• If it stinks, don’t put it in your closet.You’ve just worn your favorite dress out for dinner and its "dry clean only". Avoid the temptation to hang it back in your closet! It has likely absorbed food smells and perhaps even cigarette smoke. If you’re determined not to clean it, try hanging it in outside overnight or leave it closed up in your bathroom with the window open. This will help dissipate some of the odors. 
  • Never hang damp clothes in your closet.You’ve done your laundry and you hang your damp top on the back of your closet door for tomorrow. You may feel like the pillar of efficiency, but that damp top is a magnet for mold and mildew. Make sure clothes are 100% dry before putting them away.
By taking these few simple steps you will not only help keep your clothes smelling clean and fresh, but you'll be improving the overall air quality in your home....clean air is your best accessory!

Thursday, November 04, 2010

Pretty in Pink: Air Purifiers for the Nursery, Baby's Room, or Child's Bedroom


Who says clean air can't coordinate!

This is a picture of AllerAir's pink Air Tube Exec air purifier in my daughter's room. It matches perfectly with our Pottery Barn bedding (Penelope) and provides exceptionally clean air with both a medical-grade HEPA filter for dust and a 7 lb. carbon filter for chemicals and odors!
It also provides a source of soothing white noise to improve baby's sleep! We learned that the hard way when I borrowed the air cleaner for my bedroom during the fall allergy surge. My daughter immediately began waking several times during the night. Once we replaced the air purifier she was back to her old self!
The pink Air Tube Exec air purifier is only available for a limited time and is also available in blue.
For more information chat live with an Air Quality Expert (link below) or call 1-888-852-8247 for a dealer near you.
LiveZilla Live Help





Friday, October 29, 2010

Air Purifier Reviews: Good Air Cleaner for Dog Smell and Pet Odor

AllerAir 5000 Exec - Powerful Odor Control!

This story was posted by Bob from Ohio
"I recently got married and along with that came two very large dogs. With the two larges came an allergy that I did not know that I had, to say nothing about the odor in the bedroom from the dogs. With this new air filter system, the odor is gone and so are the sniffles. What a pleasure."
This story was posted by Sue from Killingly,CT
"We have 4 dogs living in our home with us and keep our purifier in the living room...our multi-level house is approx. 2200 sq. feet and we have NO dog odor at all. People have commented to that fact...we love it!"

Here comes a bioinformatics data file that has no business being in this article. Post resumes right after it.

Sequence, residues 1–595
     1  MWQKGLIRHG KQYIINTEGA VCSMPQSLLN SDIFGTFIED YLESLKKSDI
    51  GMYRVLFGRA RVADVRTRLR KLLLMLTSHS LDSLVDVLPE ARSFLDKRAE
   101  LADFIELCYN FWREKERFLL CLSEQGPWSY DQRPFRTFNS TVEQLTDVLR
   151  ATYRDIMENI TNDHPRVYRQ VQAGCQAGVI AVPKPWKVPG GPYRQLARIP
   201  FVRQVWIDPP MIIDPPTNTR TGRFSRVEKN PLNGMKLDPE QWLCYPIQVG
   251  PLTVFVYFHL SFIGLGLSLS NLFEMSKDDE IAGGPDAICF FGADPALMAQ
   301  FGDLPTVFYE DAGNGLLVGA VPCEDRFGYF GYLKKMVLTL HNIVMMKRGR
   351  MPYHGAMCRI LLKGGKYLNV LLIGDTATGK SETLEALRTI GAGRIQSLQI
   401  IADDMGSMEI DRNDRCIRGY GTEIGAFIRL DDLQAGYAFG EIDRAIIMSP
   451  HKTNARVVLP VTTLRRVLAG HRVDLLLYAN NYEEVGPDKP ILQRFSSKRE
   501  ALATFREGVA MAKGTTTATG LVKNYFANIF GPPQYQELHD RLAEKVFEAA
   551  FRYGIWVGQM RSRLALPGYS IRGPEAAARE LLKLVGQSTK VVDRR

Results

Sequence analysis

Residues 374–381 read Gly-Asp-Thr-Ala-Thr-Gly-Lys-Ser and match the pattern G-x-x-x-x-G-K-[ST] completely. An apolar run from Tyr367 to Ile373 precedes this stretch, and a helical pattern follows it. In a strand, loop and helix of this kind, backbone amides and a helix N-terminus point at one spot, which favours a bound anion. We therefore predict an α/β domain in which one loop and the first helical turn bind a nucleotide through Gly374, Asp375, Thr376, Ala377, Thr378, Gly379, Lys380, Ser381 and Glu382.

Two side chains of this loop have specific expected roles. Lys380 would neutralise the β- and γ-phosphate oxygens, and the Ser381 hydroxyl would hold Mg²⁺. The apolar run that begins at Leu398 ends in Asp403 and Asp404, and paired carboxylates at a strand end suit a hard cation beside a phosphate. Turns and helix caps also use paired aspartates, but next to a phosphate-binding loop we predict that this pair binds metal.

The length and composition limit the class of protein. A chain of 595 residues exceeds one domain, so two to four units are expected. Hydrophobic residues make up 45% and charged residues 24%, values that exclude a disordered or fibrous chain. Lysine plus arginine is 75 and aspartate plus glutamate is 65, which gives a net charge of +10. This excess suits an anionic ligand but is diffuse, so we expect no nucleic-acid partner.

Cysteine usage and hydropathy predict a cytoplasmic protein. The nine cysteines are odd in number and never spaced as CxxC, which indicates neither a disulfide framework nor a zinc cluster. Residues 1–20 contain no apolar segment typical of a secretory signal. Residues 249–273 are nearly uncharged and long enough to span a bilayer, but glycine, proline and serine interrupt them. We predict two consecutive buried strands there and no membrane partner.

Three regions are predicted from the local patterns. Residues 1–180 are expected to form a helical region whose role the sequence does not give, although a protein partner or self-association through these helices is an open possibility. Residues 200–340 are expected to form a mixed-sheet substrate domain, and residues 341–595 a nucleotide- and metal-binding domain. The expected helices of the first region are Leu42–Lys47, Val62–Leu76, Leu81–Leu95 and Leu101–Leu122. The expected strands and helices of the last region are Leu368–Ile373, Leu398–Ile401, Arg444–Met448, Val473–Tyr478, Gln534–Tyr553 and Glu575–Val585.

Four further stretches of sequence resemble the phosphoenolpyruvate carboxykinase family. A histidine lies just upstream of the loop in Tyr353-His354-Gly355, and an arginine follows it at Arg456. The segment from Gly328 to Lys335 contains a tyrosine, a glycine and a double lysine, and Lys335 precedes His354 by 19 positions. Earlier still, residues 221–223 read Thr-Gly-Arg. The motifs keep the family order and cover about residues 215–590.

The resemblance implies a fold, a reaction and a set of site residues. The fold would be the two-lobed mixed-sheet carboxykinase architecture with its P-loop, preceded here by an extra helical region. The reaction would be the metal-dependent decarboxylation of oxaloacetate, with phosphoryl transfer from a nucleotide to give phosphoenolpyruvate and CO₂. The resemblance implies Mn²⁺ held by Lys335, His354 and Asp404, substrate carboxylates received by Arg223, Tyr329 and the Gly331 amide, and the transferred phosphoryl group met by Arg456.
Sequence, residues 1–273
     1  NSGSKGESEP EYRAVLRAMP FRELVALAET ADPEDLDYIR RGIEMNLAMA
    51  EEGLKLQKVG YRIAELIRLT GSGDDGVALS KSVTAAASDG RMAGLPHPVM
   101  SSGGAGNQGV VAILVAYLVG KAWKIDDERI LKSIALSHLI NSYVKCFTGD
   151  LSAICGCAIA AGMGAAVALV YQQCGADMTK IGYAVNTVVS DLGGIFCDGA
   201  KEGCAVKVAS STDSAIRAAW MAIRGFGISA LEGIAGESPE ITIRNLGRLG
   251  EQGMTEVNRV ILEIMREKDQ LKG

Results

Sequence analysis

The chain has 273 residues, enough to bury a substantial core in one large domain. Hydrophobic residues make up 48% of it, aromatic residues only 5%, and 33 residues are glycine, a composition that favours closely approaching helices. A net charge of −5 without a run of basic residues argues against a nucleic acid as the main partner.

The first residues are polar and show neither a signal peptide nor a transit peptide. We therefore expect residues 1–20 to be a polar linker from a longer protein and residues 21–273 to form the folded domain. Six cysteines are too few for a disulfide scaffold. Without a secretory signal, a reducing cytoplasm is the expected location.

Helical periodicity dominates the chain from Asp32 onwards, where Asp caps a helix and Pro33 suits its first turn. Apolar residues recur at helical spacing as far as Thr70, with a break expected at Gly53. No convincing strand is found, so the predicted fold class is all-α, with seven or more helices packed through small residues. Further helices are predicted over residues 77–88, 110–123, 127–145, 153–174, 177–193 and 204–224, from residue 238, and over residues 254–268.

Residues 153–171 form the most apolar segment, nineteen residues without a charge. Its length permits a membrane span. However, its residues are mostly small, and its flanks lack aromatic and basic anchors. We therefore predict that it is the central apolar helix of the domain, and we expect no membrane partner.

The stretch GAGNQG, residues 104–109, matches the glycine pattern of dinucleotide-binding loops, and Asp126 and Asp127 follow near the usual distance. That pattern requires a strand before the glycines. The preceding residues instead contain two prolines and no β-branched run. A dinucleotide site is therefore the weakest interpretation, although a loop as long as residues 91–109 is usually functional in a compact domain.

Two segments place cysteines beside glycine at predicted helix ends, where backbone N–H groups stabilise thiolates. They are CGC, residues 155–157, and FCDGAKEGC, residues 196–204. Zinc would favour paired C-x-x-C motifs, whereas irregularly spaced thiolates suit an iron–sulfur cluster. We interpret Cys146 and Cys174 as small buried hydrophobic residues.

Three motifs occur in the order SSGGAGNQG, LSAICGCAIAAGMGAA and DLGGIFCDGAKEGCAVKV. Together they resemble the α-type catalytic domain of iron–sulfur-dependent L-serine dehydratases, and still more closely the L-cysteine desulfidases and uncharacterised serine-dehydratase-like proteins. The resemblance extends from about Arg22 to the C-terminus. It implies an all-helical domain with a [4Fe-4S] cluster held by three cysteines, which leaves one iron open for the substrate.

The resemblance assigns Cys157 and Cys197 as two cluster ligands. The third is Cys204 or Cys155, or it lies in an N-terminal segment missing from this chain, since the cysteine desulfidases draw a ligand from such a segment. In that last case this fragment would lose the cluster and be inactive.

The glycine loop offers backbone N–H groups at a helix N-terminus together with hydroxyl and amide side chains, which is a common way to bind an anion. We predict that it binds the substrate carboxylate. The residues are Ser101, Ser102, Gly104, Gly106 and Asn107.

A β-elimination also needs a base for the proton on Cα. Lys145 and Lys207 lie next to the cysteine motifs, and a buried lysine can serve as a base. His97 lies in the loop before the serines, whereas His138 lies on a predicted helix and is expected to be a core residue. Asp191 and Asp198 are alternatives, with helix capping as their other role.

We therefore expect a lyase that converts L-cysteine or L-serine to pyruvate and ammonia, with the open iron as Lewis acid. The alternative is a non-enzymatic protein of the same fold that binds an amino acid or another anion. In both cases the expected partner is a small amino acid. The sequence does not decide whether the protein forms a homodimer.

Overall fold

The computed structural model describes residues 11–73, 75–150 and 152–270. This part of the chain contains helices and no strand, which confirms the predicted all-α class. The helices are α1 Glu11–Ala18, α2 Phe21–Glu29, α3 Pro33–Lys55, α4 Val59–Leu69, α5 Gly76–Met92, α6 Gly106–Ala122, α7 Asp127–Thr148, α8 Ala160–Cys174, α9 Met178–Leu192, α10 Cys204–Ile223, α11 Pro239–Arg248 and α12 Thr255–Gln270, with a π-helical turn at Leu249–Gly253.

AllerAir 6000 Exec Finally Clears the Air!
This story was posted by Kris from Fort Lee, VA:

"We have a small 1000 square foot house, with two dogs (Shar-pei) nicknames Stinky and Binky (real names Lucas & Loxie) I never knew how they could smell until I moved into a smaller house. Then we now have a baby going on 11 months old and diapers are another problem of course.

We bought a special Rubbermaid trashcan the Kind at the hospital to contain the smell, works as long as you don't open it. ($200) and my wife loves to cook seafood, besides my 90 gallon aquarium in the living room didn't help either. So I bought ORECK Air Purifier to help with the smell, yea right ($600+) gone! Then I bought a [...] Special, right special alright $100 gone and an Eden Pure $400 OK, for the bedroom with no traffic. Sharper Image Smalls ones x 3 for $750 Ebay, died or faded was not reliable.

I talked my wife into one more try, using charcoal AllerAir 6000 was the way to go. We found out the hard way. As you can see I was very skeptical at first. Surprised I had to do some assembling wasn't bad, just didn't want to break it. Sturdy, solid and heavy but the wheels make it no problem. The first week I notice a little change in the odor suppressed. But by the second week I did notice a difference, I did have to leave it on setting medium at night. I've placed it right by the dog bed and the trash can in the kitchen and it works. As for the noise level I really don't notice it on with the dogs barking, baby crying, TV on, stereo on, aquarium pumps LOL! I forget it was on. I'm not one to advertise stuff, but I'm returning the favor of the previous comment left by someone with two dogs and it helped me make a decision to buy one. God Bless, Kris"

Wednesday, October 27, 2010

Ask AllerAir: Do HEPA Air Filters Remove Dog Hair?

Answer: